The Art of Serendipity: Vermilion Ink by David Su Li-Qun and Diana Gore
Earlier in the year, I was asked to review a book about an Italian Jesuit, Guiseppe Castiglione, who was a court artist in eighteenth century China. I was a bit daunted, because my recent reviewing had been restricted to short story collections and plays. However, I really liked the book, so I enjoyed reading and summarising the chapters, until I was interrupted by a hospital investigation that went wrong. It took weeks for me to recover enough to write the review. (I wasn't to know when I signed the consent form, but it wasn't a good idea to be in the middle of anything)
One link for me was having seen Castiglione's portraits and depictions of animals and birds, in Edinburgh and London galleries. I'd even bought the catalogue at the first one. The three emperors the artist worked for were Manchus, whose cultural influence was evident in the part of northern China where I worked in 2003-4, another link. I was fascinated to read about Castiglione's sometimes gruesome experiences at the hands of the moody rulers, against a backdrop of China in troubled times. Not much was known about him except that he had a profound influence on Chinese painting and met a lot of opposition, partly for religious reasons.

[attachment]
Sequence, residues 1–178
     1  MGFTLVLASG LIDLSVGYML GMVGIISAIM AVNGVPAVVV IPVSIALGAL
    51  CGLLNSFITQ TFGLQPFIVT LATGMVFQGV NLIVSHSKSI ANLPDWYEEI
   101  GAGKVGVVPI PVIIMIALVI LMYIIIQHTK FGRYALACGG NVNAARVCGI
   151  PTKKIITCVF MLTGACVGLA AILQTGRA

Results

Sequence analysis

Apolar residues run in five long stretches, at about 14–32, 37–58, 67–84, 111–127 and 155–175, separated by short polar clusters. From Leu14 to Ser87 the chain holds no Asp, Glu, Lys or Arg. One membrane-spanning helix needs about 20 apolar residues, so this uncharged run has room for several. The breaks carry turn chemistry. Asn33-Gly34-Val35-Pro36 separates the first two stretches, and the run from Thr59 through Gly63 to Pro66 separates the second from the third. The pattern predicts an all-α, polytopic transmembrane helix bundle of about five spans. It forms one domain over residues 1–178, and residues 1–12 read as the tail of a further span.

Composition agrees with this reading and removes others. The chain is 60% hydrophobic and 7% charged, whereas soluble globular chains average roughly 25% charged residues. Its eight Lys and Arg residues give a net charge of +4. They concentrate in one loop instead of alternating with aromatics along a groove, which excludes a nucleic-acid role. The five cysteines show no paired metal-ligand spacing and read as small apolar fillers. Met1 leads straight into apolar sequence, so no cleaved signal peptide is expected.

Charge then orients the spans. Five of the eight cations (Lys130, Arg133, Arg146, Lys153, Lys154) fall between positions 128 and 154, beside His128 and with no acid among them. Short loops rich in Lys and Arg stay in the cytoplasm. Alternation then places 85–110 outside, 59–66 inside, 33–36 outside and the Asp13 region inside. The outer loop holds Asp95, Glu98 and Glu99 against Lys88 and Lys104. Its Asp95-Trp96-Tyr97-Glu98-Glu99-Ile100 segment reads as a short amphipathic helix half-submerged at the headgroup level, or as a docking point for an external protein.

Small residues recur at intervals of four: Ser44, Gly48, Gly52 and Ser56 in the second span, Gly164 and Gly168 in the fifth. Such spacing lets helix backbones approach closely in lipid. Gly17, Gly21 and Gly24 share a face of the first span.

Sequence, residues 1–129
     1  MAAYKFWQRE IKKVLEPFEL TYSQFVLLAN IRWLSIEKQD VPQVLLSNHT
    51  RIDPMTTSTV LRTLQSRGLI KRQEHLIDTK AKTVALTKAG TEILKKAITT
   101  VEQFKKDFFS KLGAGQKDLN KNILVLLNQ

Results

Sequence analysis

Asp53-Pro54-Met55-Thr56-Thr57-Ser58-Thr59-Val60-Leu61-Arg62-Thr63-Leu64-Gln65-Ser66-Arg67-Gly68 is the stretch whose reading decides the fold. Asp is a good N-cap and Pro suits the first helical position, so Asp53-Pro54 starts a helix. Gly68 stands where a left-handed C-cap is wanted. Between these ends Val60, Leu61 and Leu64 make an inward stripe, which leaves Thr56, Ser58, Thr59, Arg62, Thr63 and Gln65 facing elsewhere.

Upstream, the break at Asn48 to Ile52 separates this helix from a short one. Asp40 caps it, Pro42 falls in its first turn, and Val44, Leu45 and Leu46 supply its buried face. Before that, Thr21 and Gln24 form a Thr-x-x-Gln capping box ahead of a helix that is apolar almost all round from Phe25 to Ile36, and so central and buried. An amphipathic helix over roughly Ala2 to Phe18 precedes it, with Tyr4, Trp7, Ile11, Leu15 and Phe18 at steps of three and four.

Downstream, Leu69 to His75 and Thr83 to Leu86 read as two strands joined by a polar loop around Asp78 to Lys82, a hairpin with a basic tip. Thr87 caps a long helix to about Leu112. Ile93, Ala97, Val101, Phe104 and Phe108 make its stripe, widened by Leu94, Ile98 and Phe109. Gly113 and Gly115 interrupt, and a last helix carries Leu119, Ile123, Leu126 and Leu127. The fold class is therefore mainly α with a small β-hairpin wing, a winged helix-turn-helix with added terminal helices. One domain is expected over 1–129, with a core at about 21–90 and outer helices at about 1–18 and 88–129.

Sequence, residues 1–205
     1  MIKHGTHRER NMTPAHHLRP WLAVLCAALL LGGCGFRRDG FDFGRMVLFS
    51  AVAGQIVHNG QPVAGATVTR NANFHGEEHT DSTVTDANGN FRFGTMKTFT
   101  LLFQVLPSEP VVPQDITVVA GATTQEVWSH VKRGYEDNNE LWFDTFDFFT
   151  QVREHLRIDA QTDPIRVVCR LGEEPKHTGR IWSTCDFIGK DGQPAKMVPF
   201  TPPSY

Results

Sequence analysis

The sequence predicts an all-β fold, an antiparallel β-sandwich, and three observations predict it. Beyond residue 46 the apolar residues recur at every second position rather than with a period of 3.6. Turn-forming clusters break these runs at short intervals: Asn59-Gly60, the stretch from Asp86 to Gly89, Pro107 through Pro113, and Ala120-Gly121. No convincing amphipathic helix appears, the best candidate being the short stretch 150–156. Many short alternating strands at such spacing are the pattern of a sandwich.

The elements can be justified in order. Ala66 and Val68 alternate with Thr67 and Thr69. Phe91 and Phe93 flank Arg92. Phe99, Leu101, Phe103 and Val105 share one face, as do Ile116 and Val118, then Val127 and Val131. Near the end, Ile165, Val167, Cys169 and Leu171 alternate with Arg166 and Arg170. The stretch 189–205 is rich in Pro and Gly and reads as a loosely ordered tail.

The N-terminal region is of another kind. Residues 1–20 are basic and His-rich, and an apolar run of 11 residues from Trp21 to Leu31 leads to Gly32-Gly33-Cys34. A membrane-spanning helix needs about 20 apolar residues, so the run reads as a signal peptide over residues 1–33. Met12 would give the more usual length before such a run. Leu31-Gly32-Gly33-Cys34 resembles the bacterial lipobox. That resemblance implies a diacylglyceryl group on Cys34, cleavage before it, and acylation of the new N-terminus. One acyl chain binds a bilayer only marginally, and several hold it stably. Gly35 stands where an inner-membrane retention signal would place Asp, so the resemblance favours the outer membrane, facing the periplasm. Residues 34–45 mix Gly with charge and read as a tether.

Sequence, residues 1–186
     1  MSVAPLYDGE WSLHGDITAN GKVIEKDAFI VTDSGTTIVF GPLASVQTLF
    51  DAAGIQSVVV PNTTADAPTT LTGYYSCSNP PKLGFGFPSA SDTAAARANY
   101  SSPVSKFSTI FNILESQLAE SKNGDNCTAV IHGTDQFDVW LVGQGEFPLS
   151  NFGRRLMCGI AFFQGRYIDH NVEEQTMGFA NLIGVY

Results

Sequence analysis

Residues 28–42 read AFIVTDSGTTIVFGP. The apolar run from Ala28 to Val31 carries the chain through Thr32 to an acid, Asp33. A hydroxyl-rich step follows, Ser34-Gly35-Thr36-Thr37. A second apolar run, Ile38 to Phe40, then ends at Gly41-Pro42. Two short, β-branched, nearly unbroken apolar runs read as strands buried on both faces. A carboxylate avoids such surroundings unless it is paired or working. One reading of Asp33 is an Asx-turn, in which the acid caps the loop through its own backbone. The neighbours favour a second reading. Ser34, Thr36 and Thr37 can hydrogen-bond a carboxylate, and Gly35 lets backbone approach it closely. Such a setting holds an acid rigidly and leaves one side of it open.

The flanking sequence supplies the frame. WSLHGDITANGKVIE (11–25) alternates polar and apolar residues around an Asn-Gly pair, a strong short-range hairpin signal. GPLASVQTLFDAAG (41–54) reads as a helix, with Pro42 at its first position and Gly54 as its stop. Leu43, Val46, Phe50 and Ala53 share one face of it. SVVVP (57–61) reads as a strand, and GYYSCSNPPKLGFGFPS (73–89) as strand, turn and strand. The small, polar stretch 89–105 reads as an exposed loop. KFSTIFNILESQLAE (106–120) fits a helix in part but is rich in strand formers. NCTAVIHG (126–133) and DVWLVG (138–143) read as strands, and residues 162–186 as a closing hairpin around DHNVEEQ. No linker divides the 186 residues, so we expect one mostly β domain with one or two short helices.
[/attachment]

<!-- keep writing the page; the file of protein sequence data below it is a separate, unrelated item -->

I was struggling to give the review some contemporary relevance, and conscious that the date of the book launch was at hand. Then, by chance, I visited an exhibition at Somerset House, about contemporary artist Ai Weiwei and found a link: not only is Ai WeiWei also an artist who's fallen foul of Chinese authorities, but his Circle of Animals installation at Somerset House is based on an original design by Castiglione.
I posted the finished review to Dimsum, the website for Chinese in the UK, happy, and relieved, to be able to report this to the authors.
You can read the review here.
It was good to read yesterday that Ai WeiWei has been released from detention.